During Mass on Tuesday Pope Francis praised the rich devotion to Our Lady of Charity seeded in the hearts of Cubans, and told them to be like her in making haste to meet the needs of others in tenderness and charity. “Generation after generation, day after day, we are asked to renew our faith. We are asked to live the revolution of tenderness as Mary, our Mother of Charity, did,” the Pope said Sept. 22. “Our revolution comes about through tenderness, through the joy which always becomes closeness and compassion, and leads us to get involved in, and to serve, the life of others.” Pope Francis spoke to the thousands gathered at the basilica of Our Lady of Charity of Cobre in Santiago de Cuba for Mass on his final day on the island before heading to the United States. In his homily, the Pope noted how since gaining independence from Spain in 1898, Cuba’s birth as a free nation and continued growth have been “warmed by devotion to Our Lady of Charity.” Quoting the country’s bishops, he said that “In a special and unique way she has molded the Cuban soul, inspiring the highest ideals of love of God, the family and the nation in the heart of the Cuban people.” Found by two indigenous laborers and a slave boy around the year 1600, the small wooden statue of the Virgin Mary appeared after a storm that hit while the three were out at sea in an old boat looking for salt. What first appeared to be a bird floating on the water turned out to be an image of the Virgin Mary carrying the Child Jesus on her right arm, while holding a gold cross in her left hand. The statue had been fastened to a board with the inscription: “I am the Virgin of Charity,” and, despite being found in the water after a storm, the white material the statue was clothed in was completely dry. Devotion to the Virgin of Charity has since grown to a global level, and 100 years ago she was officially named Patroness of Cuba by Benedict XV, at the request of war veterans. In his homily, Pope Francis turned to the image of Mary in the day’s Gospel reading from Luke, which recounted Mary’s visitation to her cousin Elizabeth. The images offered in the Gospel passage are something to be contemplated over and over again, he said, explaining that “God’s presence in our lives never leaves us tranquil: it always pushes to do something.” Far from “thinking it was all about her” or that everyone ought to come and wait on her and foot, Mary immediately left her house and “went out to serve,” Francis observed. She went to her cousin at a slow and steady pace, not too fast or too slow, neither anxious nor distracted, he said, explaining this is the path that Mary always took from that moment on. Like Elizabeth, Mary has also visited and accompanied many of our peoples “in the drama of their birth; she has watched over the struggles of those who fought to defend the rights of their children,” he said. Pope Francis noted the struggles which led to Cuba’s independence from Spain in 1898, concluding the third and final war leading to its liberation. The soul of the Cuban people, he said, “was forged amid suffering and privation which could not suppress the faith, that faith which was kept alive thanks to all those grandmothers who fostered, in the daily life of their homes, the living presence of God.” Just as Mary did in the Gospel, we too are being invited to leave our homes and open our eyes and hearts to others, sharing in both their joys and sorrows, Francis said. “Like Mary, Mother of Charity, we want to be a Church which goes forth to build bridges, to break down walls, to sow seeds of reconciliation.” Pope Francis concluded his homily saying that the greatest treasure and the most potent legacy that can be given is to learn to be like Mary setting out on the path of the visitation, and to pray with her out of remembrance and gratitude. This prayer, he said, “is the living reminder that God passes through our midst; the perennial memory that God has looked upon the lowliness of his people, he has come to the aid of his servant, even as promised to our forebears and their children forever.”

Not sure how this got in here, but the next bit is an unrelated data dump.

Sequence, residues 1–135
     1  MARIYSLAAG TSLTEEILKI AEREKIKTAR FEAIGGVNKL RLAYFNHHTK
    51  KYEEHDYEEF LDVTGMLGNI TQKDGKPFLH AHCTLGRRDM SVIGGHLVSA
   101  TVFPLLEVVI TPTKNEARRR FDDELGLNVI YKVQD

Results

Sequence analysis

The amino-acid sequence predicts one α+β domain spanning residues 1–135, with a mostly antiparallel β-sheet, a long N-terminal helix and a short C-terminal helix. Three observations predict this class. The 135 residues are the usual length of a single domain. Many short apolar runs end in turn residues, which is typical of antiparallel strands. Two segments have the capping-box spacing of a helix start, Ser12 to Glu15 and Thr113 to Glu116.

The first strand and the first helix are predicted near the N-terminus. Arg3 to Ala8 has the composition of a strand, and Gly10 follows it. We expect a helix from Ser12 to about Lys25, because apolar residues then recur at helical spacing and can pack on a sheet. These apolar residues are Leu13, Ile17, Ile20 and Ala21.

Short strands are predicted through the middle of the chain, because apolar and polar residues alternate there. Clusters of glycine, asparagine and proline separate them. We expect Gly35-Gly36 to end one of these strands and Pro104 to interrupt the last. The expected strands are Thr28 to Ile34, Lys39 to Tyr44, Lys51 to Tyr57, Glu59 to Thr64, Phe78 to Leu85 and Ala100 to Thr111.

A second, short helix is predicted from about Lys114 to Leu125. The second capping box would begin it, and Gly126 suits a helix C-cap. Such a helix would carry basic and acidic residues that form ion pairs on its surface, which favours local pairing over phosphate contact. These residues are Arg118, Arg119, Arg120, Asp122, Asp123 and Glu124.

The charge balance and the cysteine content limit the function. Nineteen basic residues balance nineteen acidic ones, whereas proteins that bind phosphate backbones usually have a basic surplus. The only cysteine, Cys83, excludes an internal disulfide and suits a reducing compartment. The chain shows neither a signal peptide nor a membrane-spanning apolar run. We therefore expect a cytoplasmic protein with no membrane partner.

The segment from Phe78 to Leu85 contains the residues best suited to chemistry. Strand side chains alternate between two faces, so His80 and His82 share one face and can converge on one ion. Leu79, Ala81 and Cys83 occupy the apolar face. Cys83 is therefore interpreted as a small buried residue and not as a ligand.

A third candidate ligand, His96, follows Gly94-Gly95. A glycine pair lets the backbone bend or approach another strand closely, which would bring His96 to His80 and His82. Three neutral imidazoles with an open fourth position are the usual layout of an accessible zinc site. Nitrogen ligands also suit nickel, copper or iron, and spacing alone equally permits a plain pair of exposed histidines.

Archbishop Dionisio García lbá√±ez of Santiago de Cuba greeted Pope Francis at the conclusion of the Mass, saying the Cuban people experience God’s mercy in Our Lady of Charity, who is a source of inspiration. He said all Cubans near or far carry her in their hearts, because “she is a mother without distinction. Believers and non-believers consider her an obvious sign of being Cuban because in her we see reflected the best yearnings and aspirations of our people.” Calling the Virgin of Charity “the first evangelizer in Cuba,” Archbishop García asked the Pope that he formally open the Marian Jubilee Year, held in honor of the centenary of her proclamation as patroness of Cuba. The Marian Jubilee was inaugurated during the Mass, and will conclude Sept. 24, 2016.